Haiti community palliative care project improves the lives of patients and their loved ones

Categories: Care and Community Engagement.

The HUEH Pain Unit has been working to bring palliative care into the community in Haiti. The need for palliative care in Haiti is vital as the country is lacking resource and this team knows that this type of care will not only ease the patient but also their family and care givers. 

Dr Regine Roche (left in photo) from the HUEH Pain Unit explains – In October 2019, the International Association for Hospice and Palliative Care (IAHPC) in collaboration with the Lancet Commission on Global Access to Palliative Care and Pain Relief (GAPCPR), the Institute for Advanced Studies of the Americas at the University of Miami (UMIA) and the Mexican Health Foundation (FUNSALUD), released a platform for calculating severe health-related suffering and palliative care need by income and geographic region for a large number of countries.[1] 

 The extent of human suffering uncovered by this study demonstrated the enormous need for palliative care around the world. 80% of this need is in low and middle-income countries where access to palliative care, even immediate-release oral morphine for pain relief, is extremely limited. 

 In 2014, the 194 member states of the World Health Organization (WHO) adopted a resolution on strengthening palliative care. This global commitment insisted on the need to establish national policies, train health professionals, support caregivers, review regulations concerning access to opioids and promote partnerships. All these interventions aim to strengthen the integration of palliative care at different levels of care, at the level of primary care. [2,3] 

 Even now, 50 years since the first hospice opened, St Christopher’s in the UK, access to palliative care as a basic human right is far from a reality. 

 Haiti is a developing country with an estimated human development index of 0.498. The evolution of the Haitian population, which goes hand in hand with the increase in serious and progressive chronic pathologies, has led in recent years to a considerable increase in the need for palliative care. According to the estimate of this platform, approximately 114,000 people require palliative care in Haiti. 

 It is increasingly necessary to know how to identify palliative situations, to know how to anticipate the needs of people in those situations, and to be able to provide appropriate responses. 

 Haiti is lacking in health centers and nurses (in 2017, the country had 23,344 health professionals. For 10,000 inhabitants, there were 1.4 doctors and 1.8 nurses in the public sector and 1.02 doctor and 2.1 nurses in the private sector) and subject to cultural and religious issues, it is important to recognize the Haitian patients in their singularity by offering them the most beneficial palliative care  This care should be specially adapted to their individual needs. Care that is part of the culture, beliefs and economy of Haitian society, and that takes into account the essential role of family caregivers with end-of-life patients.[4]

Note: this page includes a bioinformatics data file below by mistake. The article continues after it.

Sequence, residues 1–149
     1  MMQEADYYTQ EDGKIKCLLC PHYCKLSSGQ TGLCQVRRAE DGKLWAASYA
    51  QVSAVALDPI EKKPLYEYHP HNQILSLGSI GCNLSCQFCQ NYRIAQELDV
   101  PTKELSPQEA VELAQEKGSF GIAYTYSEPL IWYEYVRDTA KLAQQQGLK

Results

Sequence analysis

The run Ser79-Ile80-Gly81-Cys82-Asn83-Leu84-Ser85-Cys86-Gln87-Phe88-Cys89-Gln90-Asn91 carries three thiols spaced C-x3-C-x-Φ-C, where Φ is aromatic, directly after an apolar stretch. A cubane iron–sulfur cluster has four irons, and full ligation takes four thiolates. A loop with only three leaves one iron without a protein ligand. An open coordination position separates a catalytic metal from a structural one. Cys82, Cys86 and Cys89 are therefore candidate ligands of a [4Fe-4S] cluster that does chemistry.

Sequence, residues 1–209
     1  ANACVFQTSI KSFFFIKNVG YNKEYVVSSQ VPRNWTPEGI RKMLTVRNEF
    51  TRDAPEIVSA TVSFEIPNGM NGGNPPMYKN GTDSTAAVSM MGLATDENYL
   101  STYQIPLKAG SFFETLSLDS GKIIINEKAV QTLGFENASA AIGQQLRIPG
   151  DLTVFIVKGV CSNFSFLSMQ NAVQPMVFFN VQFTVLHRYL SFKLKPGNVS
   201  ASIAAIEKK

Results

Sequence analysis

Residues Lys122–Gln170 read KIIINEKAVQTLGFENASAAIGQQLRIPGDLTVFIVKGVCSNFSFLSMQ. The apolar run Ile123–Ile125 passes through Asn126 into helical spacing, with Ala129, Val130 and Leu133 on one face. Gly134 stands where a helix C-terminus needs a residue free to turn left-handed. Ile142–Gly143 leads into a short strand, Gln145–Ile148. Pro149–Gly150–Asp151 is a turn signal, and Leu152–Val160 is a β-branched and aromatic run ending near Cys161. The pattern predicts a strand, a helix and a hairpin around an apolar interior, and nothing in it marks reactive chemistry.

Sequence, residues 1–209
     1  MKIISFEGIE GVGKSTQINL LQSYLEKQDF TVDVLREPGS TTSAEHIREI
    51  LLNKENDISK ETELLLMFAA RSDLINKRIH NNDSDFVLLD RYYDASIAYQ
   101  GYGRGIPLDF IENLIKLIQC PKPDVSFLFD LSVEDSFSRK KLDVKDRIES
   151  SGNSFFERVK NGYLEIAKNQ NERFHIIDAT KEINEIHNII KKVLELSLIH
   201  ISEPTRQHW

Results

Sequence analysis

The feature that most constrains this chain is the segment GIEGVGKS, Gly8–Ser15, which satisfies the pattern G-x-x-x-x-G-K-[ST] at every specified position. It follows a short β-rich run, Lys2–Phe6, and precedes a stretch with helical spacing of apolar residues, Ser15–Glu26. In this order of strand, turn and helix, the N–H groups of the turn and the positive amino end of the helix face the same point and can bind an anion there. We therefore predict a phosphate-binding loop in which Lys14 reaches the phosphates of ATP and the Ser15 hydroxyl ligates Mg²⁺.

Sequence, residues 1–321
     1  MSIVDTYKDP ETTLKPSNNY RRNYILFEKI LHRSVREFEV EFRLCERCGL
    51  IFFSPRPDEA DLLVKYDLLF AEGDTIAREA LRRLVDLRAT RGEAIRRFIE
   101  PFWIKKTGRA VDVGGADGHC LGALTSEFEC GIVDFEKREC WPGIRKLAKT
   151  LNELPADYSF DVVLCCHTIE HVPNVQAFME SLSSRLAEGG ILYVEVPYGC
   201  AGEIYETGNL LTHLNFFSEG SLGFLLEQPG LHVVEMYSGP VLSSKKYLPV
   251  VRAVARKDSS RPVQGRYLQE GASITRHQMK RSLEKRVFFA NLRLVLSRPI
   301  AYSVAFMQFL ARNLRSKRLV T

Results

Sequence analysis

Strengthening the home care of patients at the end of their life is necessary and also involves valuing caregivers. 

In Haiti, there is no formal or ongoing training in palliative care, nor a national program or protocol that dictates guidelines for the care of these patients. 

Strengthening home care (more than 90% of palliative care patients die at home) has enabled us to include relatives in patient care. 

 This project, implemented through the Pain Unit of the HUEH (State University Hospital of Haiti) from 2015 to 2019, made it possible to develop innovations in palliative care. Of the 129 patients receiving palliative care, more than 25% were followed at home. 

 With the limited number of health professionals in the communities; the use of follow-up sheets (figure 1) and the information booklet (figure 2) by caregivers, has improved the end of life of their loved ones [3]. 

 To make this project a reality, we carried out training for health professionals (doctors, nurses) and community health workers, and gave education sessions for caregivers. 

Given budget constraints, health priorities and the fact that most patients die at home, empowering caregivers and community health workers through good training appears to be the most realistic way to achieve the goal;  to make palliative care accessible within a reasonable time in Haiti. 

 FIGURE 1 : Patient follow -up sheet 

 

Figure 2: Booklet for family caregivers of palliative care patients, Pain Unit, Pain without Borders (DSF), 2019 

 

Booklet for family caregivers

 

REFERENCES 

  1. Global digital platform to assess severe illness suffering and palliative care needs of IAHPC and Lancet Commission (LCGAPR) in collaboration with UMIA and FUNSALUD 
  1. World Health Assembly resolution WHA67.19 
  1. https://www.who.int/docs/default-source/primary-health/declaration/gcphc-declaration.pdf 
  1. EMMUS VI, MSPP, 2016-2017; Master Plan of Health, MSPP, 2012-2022, p.30, 34; Statistical Report, MSPP, October 2017